Published by: Ingrid King. Last Updated on: February 1, 2023 by Crystal Uys
Cats don’t get the veterinary care they need. The findings of a feline health study conducted by Bayer Health Care found that 52% of America’s 74 million cats are not receiving regular veterinary care. Even more shocking, the study found that 80% of adopted cats are seen by a veterinarian right after they are adopted, and then not again for several years.
Why cats aren’t getting the care they need
There are two main reasons for these dismal statistics. One is the perception among many cat guardians that cats are self-sufficient. And while cats may be more independent than dogs, they’re also masters at hiding signs of illness, which is why regular veterinary exams are so important. By the time a cat shows symptoms, the disease may already be in the advanced stages, requiring more extensive, and expensive, care. The second problem is that taking a cat to the vet is stressful for most cats and their guardians.
The second reason is that getting cats into the veterinary clinic is stressful for both cat and guardian. A significant number of cat owners polled in the Bayer study admitted that even the thought of having to take their cat to the vet makes them feel stressed out. Given that cats tend to pick up on their guardians’ stress, this seems like a no win situation. However, these challenges are not insurmountable. And while it’s up to veterinarians and their staff to make the vet visit experience less stressful once cat and guardian arrive at the clinic, preparation for a stress-free vet visit begins at home.
Get your cat used to the carrier
A cat carrier is an important part of your cat’s life. Unfortunately, for most cats, the only time they’re in a carrier is when they have to go to the veterinarian, so the association with carriers is often a negative and stressful one. But carriers can be vital in an emergency, and it’s a good idea to get your cats used to the carrier so that they can associate it with a positive experience. This will go a long way to make vet visits less stressful.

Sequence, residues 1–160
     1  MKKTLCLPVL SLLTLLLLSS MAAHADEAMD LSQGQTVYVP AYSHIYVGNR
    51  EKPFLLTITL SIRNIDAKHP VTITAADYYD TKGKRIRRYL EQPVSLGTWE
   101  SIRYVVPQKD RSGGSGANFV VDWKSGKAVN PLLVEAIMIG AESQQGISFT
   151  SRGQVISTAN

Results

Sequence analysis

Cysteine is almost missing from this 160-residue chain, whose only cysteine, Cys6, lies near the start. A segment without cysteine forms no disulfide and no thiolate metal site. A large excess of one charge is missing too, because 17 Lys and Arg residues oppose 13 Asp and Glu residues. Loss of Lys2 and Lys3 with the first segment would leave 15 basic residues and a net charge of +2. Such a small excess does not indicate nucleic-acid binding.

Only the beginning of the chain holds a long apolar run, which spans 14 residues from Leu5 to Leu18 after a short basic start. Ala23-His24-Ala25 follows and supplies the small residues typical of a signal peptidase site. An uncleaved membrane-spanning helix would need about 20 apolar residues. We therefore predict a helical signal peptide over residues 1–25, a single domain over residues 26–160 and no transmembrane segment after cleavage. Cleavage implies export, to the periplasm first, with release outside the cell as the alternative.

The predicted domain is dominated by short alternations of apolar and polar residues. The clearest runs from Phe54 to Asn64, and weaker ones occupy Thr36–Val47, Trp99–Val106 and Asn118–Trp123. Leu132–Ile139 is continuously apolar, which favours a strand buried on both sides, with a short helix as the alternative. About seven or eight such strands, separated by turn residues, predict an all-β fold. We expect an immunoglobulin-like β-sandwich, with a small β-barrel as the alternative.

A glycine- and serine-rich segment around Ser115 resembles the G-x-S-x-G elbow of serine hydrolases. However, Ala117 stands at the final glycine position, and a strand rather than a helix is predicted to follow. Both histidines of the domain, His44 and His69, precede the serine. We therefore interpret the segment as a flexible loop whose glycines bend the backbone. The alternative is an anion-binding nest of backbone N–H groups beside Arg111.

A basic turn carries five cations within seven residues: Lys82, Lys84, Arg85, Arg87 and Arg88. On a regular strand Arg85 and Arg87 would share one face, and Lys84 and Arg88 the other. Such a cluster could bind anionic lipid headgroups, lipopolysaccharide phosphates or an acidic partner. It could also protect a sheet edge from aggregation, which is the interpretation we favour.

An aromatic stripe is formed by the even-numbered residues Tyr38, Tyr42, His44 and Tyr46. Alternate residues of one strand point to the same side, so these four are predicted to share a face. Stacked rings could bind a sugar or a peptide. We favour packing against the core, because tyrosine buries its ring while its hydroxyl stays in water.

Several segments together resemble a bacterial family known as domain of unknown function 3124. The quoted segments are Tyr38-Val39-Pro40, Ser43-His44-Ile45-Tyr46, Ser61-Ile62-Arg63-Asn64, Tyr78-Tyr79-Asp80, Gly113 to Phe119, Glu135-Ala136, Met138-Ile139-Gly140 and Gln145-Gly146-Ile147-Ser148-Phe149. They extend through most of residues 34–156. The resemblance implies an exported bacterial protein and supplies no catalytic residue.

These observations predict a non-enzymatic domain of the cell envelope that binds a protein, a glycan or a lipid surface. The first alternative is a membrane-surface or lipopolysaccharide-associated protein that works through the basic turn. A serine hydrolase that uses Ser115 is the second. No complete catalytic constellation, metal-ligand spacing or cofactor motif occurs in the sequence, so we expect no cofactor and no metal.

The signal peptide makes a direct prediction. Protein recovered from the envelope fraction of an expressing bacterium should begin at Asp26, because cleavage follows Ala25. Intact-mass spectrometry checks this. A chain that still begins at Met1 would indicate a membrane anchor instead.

From picking the right carrier to making it an alluring part of your cat’s every day environment, training a cat to accept the carrier is not that difficult, it just takes a little persistence and lots of rewards. Read How to Get Your Cat to Used to the Carrier for detailed instructions and helpful hints.
Spraying the carrier with Comfort Zone Feliway Spray can help keep cat calm (it’s also a great tool to use when training cats to accept the carrier.) Calming remedies such as Stress Stopper or Rescue Remedy can also keep your kitty calm (and if you get stressed about taking your cat to the vet, you may want to take a hit or two of these remedies yourself!)
Limit food and/or treats prior to a vet visit
Veterinarians and staff like to use treats to create a positive association with a vet visit for your cat. By limiting food or treats before the visit, your cat will be more receptive to these “bribes.”
The car ride
Make sure that your cat’s carrier is flat in the car to help cats feel more secure. Most cats will do better with fewer stimuli, so consider having the carrier face the back of the seat rather than the front. You may even want to consider covering the carrier with a towel. Even though your instinct may be to talk to your cat in the car, unless you are truly relaxed, negative emotional talk such as “there, there, it will be okay, I’m not going to let anything bad happen to you” will probably not help your cat calm. Consider playing calming music especially engineered for cats instead.
At the clinic
If your vet clinic doesn’t have separate cat and dog waiting areas, ask that you and your cat can go directly into an exam room. Consider staying in the car with your cat and calling the clinic’s receptionist to let them know you’ve arrived. Ask that a staff member comes and gets you when an exam room is ready.
Now that you’ve done your part to make your cat’s vet visit less stressful, it’s up to the veterinarian and staff to follow cat-friendly practice and handling guidelines. And while no amount of preparation may be enough to make your cat actually enjoy going to the vet, being prepared can make a big difference.
Photo by frankleleon, Flickr Creative Commons
About the author
Ingrid King is an award-winning author, former veterinary hospital manager, and veterinary journalist who is passionate about cats.